• Dopamine agents: Patients with RLS often take medications that are normally used to treat a movement disorder called Parkinson’s disease. These drugs, called dopamine agents, affect the level of dopamine in the brain. As a result, symptoms of RLS are reduced when taken regularly. Commonly prescribed dopamine agents include pramipexole (Mirapex®), ropinirole (Requip®), and carbidopa/levodopa (Sinemet®).

Integrative Therapies

C

Unclear or conflicting scientific evidence

  • Vitamin B12
    : Vitamin B12 is a water-soluble vitamin that is commonly found in many foods, including fish, shellfish, meats, and dairy products. Preliminary clinical reports show that vitamin B12 may help relieve tremors associated with shaky-leg syndrome. Further research is needed to confirm these results.

  • Vitamin B12 is generally considered safe when taken in amounts that do not exceed the recommended dietary allowance (RDA). Avoid vitamin B12 supplements if allergic to cobalamin, cobalt, or any other product ingredients. Avoid with coronary stents or Leber’s disease. Use cautiously if undergoing angioplasty.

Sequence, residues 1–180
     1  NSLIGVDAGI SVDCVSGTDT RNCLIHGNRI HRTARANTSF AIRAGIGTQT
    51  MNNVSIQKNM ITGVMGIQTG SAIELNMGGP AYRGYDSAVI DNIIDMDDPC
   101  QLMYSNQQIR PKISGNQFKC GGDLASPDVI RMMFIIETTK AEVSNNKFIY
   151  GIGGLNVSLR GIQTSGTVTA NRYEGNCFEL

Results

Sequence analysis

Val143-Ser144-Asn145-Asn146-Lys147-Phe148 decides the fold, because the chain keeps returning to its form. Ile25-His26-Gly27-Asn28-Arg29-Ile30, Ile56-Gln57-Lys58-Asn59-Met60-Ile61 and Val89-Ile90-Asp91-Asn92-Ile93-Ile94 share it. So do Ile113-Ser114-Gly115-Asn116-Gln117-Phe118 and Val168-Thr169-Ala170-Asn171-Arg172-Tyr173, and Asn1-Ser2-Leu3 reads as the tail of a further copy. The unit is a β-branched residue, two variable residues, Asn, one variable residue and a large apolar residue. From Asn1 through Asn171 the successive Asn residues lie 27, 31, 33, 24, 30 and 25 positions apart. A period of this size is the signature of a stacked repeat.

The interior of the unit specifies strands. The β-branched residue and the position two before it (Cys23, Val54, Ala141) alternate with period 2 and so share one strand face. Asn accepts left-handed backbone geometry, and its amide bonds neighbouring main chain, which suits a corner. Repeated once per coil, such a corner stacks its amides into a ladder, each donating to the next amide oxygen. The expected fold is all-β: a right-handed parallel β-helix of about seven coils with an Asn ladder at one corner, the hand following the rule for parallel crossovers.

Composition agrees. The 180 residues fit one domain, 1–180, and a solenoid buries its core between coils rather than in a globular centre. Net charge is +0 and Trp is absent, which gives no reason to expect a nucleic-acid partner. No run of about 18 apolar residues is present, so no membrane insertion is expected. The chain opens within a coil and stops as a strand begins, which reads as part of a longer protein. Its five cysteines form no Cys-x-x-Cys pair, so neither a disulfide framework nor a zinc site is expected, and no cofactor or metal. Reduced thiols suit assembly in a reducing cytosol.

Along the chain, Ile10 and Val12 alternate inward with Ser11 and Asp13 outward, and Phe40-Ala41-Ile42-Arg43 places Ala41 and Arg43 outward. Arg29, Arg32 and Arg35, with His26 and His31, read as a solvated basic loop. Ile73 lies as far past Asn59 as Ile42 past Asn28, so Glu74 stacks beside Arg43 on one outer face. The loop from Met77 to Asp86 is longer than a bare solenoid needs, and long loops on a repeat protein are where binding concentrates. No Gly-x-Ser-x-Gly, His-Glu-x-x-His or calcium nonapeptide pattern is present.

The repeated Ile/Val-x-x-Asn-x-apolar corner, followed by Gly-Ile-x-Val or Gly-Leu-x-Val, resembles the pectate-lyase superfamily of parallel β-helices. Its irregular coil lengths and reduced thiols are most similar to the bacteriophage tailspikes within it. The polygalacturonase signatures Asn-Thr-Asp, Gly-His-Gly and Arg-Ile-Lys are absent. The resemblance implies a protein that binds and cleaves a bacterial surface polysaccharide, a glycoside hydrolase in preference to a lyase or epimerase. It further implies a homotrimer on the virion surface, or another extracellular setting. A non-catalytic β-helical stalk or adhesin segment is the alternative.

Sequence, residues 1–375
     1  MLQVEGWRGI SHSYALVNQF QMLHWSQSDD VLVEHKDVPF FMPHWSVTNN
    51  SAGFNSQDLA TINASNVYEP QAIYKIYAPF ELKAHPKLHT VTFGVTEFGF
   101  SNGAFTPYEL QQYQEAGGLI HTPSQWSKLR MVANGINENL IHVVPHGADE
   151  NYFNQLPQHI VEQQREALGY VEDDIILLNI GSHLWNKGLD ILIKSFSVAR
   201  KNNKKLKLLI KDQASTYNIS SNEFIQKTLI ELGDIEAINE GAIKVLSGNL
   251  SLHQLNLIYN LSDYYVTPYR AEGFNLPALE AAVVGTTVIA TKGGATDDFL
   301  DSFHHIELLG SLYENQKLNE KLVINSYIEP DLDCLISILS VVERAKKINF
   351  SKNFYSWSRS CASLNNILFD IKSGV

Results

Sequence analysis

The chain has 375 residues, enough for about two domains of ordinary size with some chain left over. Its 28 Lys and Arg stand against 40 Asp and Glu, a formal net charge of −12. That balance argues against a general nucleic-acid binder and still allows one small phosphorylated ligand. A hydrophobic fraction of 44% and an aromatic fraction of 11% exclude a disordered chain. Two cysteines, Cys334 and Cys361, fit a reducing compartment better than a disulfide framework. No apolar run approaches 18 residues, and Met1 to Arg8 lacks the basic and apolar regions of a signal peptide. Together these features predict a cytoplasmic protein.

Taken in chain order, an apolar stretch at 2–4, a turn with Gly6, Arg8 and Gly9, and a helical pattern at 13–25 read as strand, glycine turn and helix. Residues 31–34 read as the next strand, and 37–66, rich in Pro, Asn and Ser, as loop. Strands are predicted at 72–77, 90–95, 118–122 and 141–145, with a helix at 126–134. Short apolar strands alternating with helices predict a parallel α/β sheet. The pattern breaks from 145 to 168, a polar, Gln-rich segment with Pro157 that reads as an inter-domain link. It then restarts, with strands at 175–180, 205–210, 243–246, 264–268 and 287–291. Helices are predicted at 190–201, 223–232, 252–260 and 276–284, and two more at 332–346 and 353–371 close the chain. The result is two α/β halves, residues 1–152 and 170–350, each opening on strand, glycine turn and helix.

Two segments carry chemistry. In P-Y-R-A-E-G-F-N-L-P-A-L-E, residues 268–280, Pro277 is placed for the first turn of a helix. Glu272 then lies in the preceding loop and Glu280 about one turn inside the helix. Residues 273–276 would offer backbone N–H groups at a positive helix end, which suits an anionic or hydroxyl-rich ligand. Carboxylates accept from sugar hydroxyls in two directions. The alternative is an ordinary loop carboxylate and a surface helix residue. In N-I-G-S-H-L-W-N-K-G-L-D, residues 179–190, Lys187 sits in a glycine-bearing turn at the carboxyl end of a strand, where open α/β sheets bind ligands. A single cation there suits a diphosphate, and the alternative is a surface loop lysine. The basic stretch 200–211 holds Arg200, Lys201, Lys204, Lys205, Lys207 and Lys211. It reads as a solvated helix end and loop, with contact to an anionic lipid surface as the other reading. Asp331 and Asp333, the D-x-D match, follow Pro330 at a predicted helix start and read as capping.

Prevention

  • Once symptoms of restless legs syndrome (RLS) develop, there is no known way to prevent the condition from worsening. Individuals should take their medications exactly as prescribed and practice regular self-care techniques in order to manage symptoms.
  • Avoid or limit the consumption of alcohol and tobacco. These substances may trigger or worsens symptoms of RLS.
  • Some medications, including H2-histamine blockers (e.g. Zantac® or Tagamet®), some antidepressants (e.g. Elavil®), anti-nausea drugs, and calcium channel blockers, may worsen symptoms of RLS. Patients should talk to their doctors if these medications aggravate their conditions. A physician may be able to recommend a different dose or medication.
  • Stress has been show to worsen symptoms of RLS. Patients may benefit from relaxation techniques, such as meditation or yoga. These techniques may be especially beneficial before sleep.